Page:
2: Overview of Interventions

Overview of Interventions

For health interventions to be appropriate, acceptable, effective, safe, and efficient, they should be carefully designed. Designing interventions rests on an awareness of what constitutes interventions. This chapter presents a definition of interventions that distinguishes it from related terms (e.g. strategies, programs). The interventions’ elements (goals and components) and characteristics (mode, structure, dose) are clarified and described. The elements and characteristics are taken into account when developing, operationalizing, delivering, evaluating, and implementing interventions.


In the health‐related literature, different terms are used to reflect health professionals’ practices or services they provide to clients: strategies, interventions, treatments, techniques, therapies, complex or multicomponent interventions, and programs. These terms are not necessarily interchangeable. There is a distinction between strategies; interventions (including treatments, techniques, therapies); and programs (including complex or multicomponent interventions).

2.1.1 Strategies

A strategy refers to a general conceptual approach to address a health problem. It is derived from and consistent with the conceptualization of the health problem requiring remediation. A strategy is used to frame the overall design of an intervention. For instance, conceptualizing chronic insomnia from a cognitive perspective only (Harvey et al., 2007) highlights the need for a cognitive approach for intervention. The cognitive approach focuses on information processing (e.g. beliefs about factors contributing to and consequences of insomnia). In contrast, viewing chronic insomnia as a behavioral problem (e.g. Bootzin & Epstein, 2011) indicates the need for a behavioral approach for intervention. The behavioral approach focuses on sleep‐related behaviors and habits. As such, a strategy offers general principles to guide the selection and/or design of interventions that are commensurate with the overarching conceptualization of the health problem.

2.1.2 Interventions

The terms “intervention,” “treatment,” and “therapy” are interchangeable. Although widely used in written (e.g. books, published research reports) and verbal (e.g. case conference, end of shift report in the practice setting) communications, only a few formal definitions of interventions have been located in recent literature (Table 2.1). A thorough examination of these definitions points to two key attributes that define interventions. The first attribute is that interventions are essentially activities. They involve the application of specific techniques by the health professional delivering interventions and the clients receiving interventions. The second attribute is rationality. Rationality means that interventions are given in response to an actual or potential health problem, and directed toward attainment of desired goals. Accordingly, interventions are sets of activities performed by health professionals and clients, independently or collaboratively, to address problems experienced by clients and to achieve beneficial outcomes.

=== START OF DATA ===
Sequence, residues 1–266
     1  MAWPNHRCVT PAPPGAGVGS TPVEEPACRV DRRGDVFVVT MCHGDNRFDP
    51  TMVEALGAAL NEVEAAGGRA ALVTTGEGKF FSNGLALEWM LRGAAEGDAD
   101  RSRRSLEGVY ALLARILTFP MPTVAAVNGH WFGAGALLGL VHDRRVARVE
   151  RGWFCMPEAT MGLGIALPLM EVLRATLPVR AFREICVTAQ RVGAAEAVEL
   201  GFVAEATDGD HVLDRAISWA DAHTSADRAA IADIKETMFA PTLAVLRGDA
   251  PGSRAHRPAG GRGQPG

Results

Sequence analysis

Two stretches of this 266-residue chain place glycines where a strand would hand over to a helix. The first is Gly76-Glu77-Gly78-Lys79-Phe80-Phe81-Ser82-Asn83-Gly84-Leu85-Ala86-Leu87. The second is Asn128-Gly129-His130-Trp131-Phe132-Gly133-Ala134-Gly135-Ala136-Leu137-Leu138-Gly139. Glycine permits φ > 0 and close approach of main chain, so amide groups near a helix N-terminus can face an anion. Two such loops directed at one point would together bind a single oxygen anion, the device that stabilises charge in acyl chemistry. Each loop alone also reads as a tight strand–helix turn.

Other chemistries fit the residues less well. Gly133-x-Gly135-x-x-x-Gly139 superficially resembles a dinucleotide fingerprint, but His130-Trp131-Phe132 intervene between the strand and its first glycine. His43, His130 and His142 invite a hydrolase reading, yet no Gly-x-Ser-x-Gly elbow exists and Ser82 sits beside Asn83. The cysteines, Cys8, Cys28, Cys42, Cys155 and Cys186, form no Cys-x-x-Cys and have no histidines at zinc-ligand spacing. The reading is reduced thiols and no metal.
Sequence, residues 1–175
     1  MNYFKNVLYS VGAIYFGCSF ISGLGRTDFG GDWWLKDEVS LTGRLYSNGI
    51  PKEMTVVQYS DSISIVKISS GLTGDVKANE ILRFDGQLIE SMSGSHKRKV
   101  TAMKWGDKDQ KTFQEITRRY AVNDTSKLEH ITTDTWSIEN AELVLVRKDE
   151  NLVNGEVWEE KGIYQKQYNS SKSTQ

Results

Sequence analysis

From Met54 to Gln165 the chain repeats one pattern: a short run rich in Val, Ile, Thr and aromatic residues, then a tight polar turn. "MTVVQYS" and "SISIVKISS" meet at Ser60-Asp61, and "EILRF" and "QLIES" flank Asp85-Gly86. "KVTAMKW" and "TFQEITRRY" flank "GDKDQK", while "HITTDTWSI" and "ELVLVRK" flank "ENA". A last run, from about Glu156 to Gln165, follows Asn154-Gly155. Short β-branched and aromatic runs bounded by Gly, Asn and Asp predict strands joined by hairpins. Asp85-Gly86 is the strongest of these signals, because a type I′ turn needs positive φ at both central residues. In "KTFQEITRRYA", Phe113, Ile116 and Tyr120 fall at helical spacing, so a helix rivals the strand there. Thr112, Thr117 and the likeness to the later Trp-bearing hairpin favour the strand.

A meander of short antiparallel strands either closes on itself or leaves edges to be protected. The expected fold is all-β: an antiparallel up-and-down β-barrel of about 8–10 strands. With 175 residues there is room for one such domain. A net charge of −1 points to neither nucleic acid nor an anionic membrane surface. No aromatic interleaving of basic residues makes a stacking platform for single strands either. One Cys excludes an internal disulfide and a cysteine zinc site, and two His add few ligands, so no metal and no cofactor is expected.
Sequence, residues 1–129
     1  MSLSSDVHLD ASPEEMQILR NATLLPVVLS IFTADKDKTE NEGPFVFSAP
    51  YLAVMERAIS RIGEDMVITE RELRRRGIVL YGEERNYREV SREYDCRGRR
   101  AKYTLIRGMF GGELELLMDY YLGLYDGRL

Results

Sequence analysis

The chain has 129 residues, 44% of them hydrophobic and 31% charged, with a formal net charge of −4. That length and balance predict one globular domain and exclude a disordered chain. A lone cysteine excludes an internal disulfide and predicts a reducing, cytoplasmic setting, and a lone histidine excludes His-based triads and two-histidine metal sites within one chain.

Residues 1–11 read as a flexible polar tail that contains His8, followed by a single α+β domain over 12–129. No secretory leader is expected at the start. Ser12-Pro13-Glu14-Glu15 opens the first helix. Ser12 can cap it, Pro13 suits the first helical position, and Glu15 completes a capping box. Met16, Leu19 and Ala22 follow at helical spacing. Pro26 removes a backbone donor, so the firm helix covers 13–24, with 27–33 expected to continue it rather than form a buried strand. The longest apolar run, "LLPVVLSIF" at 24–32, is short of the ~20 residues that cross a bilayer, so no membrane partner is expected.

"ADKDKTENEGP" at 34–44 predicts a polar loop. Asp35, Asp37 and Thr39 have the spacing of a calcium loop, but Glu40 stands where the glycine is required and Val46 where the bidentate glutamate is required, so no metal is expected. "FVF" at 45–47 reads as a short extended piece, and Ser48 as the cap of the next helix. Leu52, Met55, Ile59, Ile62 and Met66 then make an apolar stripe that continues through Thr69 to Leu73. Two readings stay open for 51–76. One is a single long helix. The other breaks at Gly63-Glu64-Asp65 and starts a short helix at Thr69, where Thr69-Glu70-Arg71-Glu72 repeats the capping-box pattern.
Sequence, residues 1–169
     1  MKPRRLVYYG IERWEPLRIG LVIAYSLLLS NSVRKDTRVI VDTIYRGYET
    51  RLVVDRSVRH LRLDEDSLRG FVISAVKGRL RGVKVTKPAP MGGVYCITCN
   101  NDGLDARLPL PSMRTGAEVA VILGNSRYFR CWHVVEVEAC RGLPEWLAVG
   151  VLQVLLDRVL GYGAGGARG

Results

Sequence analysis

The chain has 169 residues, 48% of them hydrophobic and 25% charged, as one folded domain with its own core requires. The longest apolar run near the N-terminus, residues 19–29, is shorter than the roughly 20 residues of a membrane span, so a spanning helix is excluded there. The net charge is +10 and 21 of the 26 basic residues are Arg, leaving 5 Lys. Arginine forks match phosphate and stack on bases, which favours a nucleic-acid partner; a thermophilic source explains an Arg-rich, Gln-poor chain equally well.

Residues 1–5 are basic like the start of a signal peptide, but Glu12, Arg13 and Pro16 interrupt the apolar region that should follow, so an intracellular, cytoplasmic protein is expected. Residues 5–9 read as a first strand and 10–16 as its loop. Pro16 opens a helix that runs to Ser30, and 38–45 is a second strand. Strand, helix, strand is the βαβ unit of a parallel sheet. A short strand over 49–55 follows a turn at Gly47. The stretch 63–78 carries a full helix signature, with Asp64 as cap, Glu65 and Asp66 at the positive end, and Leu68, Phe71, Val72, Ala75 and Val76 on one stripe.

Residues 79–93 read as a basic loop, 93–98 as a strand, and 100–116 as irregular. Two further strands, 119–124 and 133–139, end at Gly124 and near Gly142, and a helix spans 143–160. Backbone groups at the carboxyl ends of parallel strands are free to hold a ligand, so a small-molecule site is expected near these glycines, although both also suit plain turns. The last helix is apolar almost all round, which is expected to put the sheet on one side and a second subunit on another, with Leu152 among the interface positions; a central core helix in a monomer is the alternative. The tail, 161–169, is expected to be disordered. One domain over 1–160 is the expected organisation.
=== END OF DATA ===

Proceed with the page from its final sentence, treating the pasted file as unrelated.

Interventions are more specific than strategies. Strategies provide general principles informing the generation of new or the selection of available evidence‐based techniques. For instance, a behavioral conceptualization of chronic insomnia provided guidance for developing the stimulus control therapy. The stimulus control therapy consists of specific recommendations for sleep behaviors (known to perpetuate insomnia) to do or avoid, and specific techniques to assist clients in carrying out these recommendations. The techniques include providing information on the association between sleep behaviors and insomnia, prompting identification of barriers and possible solutions, and encouraging self‐monitoring of sleep behaviors and parameters. These three specific techniques are described as replicable behavior change techniques designed to alter behaviors (Abraham & Michie, 2008; Carey et al., 2018).